November 12, 2013

Booker, Porcelli make names for themselves

Melvin Booker has spent a lot of time not just looking into the backfield, but living there.
Becker athletics photo

It was an incredible weekend on the Northeast landscape. It's hard to know where to start. Gallaudet clinched its first NCAA playoff berth and the Bison are 9-0 with an 11-game winning streak. Trinity won its 51st straight home game and denied rival Wesleyan a perfect season in the finale. McCallum Foote threw a school record seven touchdown passes in a 52-10 win over Tufts to give the Panthers a share of the NESCAC championship along with Amherst and Wesleyan. Bowdoin beat Colby 32-22 in one of the wildest finishes ever. The score was 20-20 with 31 seconds left, something that should test your imagination. Salve Regina and Endicott won to set up the high-stakes finale where the conference championship is on the line.

Why then do we start with a game between two teams that were trying to end seven-game losing streaks?

That's because Becker's Melvin Booker and Castleton's Anthony Porcelli have two of the most compelling stories in the game. Stories that have to be told.

Booker might well have played the best defensive game in the five-year history of Castleton's Spartan Stadium. All he did was pile up 18 tackles. Seven were for a loss. He had 4.5 sacks. He was a factor in some fashion on nearly every play as the Hawks defeated Castleton 20-3.

"He is easily the most underrated and unappreciated linebacker in the country," Becker coach Mike Lichten said. "He is an All-America caliber player."

The senior was already the program's all-time leading tackler before the season began.

"I was just trying to help my team win a game," the soft-spoken Booker said. "Castleton has a young quarterback but a very talented quarterback with the most talented group of receivers in the league. We had to put a lot of pressure on him."

The Hawks put pressure on Tyler Higley and a ton of it came from Booker in the form of the 4.5 sacks plus a quarterback hurry. With a total of seven tackles for a loss, you have a 6-1, 225-pound linebacker living in your backfield.

But Booker's story is as much about where he came from as it is what he has done.

"Melvin is the greatest success story I have ever coached," Lichten said. "He came from a place where he had no parental support. He was in a lot of trouble.

"He decided to become a good person and what he has done is very special. I am proud of him."

Lichten said Booker's impact will be felt at Becker after he leaves.

"He has done a lot in the way of bringing kids into the program and holding them to a standard."

Booker would love to beat rival Anna Maria this week.

"To go out with two wins would mean the world," Booker said. "Coach always says never waste a day. Win the day."

Booker was in a place not so long ago where he could have wasted his life. He chose not to and he and the Hawks are the better for it.

Porcelli recovered a fumble on special teams against Becker but he made a much bigger play than that a week ago. One that took place off campus, seven miles from Spartan Stadium.

The Spartans had just finished their walk-through on a Friday and would be leaving on Saturday morning for Anna Maria. Porcelli, a freshman, and freshman teammates Christian Procida, John Jweid and Vince Sorce jumped in a car to go get something to eat.

A car went by them at a high rate of speed. It began swerving wildly.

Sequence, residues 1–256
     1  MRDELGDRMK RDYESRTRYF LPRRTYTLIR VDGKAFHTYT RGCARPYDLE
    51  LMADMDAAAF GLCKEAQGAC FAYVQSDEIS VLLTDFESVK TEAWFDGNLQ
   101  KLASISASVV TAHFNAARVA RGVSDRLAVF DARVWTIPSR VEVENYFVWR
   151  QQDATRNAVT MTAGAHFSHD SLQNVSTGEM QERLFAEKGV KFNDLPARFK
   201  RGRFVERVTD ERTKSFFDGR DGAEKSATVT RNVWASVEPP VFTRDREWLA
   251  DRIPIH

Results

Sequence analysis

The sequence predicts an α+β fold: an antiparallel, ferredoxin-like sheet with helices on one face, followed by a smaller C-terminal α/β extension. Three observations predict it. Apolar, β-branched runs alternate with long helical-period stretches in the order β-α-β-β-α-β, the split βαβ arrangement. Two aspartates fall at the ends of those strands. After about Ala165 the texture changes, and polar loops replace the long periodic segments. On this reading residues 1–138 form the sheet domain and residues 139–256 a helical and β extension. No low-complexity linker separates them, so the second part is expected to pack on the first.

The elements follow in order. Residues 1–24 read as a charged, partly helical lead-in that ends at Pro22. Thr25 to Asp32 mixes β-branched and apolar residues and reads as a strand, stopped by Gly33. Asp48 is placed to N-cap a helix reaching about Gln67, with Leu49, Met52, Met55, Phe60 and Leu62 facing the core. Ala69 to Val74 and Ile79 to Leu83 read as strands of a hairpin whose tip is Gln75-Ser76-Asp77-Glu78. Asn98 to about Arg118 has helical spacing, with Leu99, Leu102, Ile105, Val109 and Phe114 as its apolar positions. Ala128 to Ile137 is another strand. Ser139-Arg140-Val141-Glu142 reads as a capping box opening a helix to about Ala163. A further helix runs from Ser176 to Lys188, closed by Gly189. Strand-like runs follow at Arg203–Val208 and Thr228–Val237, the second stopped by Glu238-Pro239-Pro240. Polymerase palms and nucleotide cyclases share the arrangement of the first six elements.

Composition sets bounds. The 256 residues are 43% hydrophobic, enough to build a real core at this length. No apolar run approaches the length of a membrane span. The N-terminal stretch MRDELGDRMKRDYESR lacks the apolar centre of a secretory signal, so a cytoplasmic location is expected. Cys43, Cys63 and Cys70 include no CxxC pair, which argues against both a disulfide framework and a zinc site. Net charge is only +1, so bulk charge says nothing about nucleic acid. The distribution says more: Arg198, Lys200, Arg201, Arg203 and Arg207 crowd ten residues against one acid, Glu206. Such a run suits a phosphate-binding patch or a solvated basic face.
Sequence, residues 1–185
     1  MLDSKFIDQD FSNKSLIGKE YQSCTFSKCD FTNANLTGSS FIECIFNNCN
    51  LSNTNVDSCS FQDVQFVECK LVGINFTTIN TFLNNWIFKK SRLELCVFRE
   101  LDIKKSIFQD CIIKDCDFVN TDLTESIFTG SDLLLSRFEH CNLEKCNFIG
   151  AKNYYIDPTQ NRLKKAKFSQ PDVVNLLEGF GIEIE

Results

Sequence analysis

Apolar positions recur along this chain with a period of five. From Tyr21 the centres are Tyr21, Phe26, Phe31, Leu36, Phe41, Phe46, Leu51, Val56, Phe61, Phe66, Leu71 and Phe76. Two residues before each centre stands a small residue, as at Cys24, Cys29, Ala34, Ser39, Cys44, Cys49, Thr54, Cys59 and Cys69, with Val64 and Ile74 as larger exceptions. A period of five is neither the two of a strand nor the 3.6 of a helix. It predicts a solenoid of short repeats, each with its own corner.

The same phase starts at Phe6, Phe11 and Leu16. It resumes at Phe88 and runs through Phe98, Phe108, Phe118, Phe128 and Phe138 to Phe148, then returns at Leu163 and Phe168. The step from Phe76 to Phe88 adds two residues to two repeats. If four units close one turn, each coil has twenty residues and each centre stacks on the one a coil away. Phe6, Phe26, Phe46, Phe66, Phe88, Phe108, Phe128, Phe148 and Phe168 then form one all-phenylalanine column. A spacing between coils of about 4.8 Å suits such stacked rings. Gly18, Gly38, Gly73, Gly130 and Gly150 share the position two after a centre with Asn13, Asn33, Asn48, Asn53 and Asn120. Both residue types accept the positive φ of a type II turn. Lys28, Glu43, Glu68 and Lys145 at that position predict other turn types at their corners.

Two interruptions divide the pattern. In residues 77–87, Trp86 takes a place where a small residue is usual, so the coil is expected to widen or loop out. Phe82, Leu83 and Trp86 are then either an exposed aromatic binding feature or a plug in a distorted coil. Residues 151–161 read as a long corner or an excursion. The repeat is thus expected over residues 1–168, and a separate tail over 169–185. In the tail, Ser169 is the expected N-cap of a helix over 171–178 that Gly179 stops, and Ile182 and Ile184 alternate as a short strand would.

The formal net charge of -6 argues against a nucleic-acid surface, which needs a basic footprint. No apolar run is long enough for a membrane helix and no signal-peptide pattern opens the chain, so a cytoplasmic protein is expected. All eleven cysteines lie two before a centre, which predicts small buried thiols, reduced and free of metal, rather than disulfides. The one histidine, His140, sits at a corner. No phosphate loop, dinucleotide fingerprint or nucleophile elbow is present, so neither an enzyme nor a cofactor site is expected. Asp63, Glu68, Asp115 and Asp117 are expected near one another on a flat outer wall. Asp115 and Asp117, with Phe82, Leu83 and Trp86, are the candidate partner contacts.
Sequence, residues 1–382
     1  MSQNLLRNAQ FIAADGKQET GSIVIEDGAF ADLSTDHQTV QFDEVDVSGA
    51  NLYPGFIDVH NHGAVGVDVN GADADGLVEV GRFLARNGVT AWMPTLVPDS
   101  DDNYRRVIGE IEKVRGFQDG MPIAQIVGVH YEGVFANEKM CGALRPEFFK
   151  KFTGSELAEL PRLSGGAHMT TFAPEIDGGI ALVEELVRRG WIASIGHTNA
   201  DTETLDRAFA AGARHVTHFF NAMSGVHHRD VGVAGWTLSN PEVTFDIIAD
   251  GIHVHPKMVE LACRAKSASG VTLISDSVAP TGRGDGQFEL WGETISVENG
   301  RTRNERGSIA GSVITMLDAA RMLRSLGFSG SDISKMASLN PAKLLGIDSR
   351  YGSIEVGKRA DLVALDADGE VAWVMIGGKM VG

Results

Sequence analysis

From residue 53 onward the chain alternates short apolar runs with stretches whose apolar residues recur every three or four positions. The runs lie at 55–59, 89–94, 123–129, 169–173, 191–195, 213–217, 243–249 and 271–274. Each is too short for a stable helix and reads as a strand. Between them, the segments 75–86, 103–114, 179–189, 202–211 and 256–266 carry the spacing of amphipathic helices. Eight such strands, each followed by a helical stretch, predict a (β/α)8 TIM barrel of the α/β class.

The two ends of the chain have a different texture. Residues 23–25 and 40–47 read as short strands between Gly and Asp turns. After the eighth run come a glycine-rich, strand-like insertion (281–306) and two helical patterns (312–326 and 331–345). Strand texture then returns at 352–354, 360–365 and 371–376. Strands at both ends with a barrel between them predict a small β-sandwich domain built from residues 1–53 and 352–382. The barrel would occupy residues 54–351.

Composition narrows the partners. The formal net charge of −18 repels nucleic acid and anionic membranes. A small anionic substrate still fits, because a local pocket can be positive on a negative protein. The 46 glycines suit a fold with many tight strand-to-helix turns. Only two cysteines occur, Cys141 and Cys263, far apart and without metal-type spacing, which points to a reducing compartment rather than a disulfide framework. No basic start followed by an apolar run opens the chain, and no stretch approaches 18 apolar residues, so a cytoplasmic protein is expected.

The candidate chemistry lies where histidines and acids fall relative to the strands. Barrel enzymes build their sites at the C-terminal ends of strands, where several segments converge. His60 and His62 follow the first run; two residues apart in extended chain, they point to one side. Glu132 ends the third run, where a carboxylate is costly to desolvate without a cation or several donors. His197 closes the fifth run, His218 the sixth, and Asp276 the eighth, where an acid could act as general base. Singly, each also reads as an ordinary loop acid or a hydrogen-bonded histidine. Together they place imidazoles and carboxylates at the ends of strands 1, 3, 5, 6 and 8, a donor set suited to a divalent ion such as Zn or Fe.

"We just knew something bad was going to happen," Porcelli said.

Someone else had the same feeling. Another vehicle driven by "an older man" according to Porcelli tried to stay in contact with the out-of-control car.

Then, the young woman's car left the road and flipped over.

Jweid was driving and his teammates told him to pull over. The older man did the same.

"The older man called the police and ambulance," Porcelli said.

The Spartans went to work at trying to get the woman out of the car. One of them attempted to break the window unsuccessfully.

Porcelli found a folding chair and smashed the window with that. He was then able to unlock the door from the inside.

"I jumped in. It was very smoky and she was screaming for help," Porcelli said.

Porcellli said she did not seem to be badly hurt, only noticing a cut on her neck. But he feared where there was smoke there might be fire and he pulled her out of the car.

Porcelli said, "I didn't think it was that big of a deal."

That, in fact, is what I like most about this story. There was no grandstanding. Nobody was trumpeting it. I only found out about it from overhearing a conversation by two students.

Castleton coach Marc Klatt felt it was a big deal.

"I am very proud of their actions," Klatt said. "There are so many bystanders who just let things happen and they chose to help. I am very proud of those guys."

There is a sign on the inside of the door of the Castleton football locker room. It begins, 'When You Leave Here' and then lists several items. One of them is 'Help and Support Others.'

"I'm glad they took that to heart," Klatt said.

Porcelli somehow found his way to Castleton from Brooklyn. I had plenty of boyhood heroes from Brooklyn. They had names like Campanella, Furillo, Snider, Robinson and Hodges.

Now, I think I have another, although Porcelli would be very uncomfortable with the term 'hero.'

It is an overused word in sports. There were Wounded Warriors down on the field of the Becker-Castleton game being honored at halftime. They are heroes.

But in their own way, Melvin Booker and Anthony Porcelli can also don that mantle.

NESCAC excitement

The final week of NESCAC play could not have been more exciting.

A few years before he died W,C. Heinz, regarded by many as the finest sportswriter of the past century, told me a story about how he sneaked out of the infirmary to cover a Middlebury football game while working on the college newspaper.

He would have found this latest group of Panthers worth getting out of a sick bed for.

The Panthers defeated Tufts to finish at 7-1 for the second straight year. Foote threw his seven touchdown passes to give him 77 for his career, the most in program history. Matt Minno and William Sadik-Khan were a big slice of this piece of history with three TD grabs apiece against the Jumbos.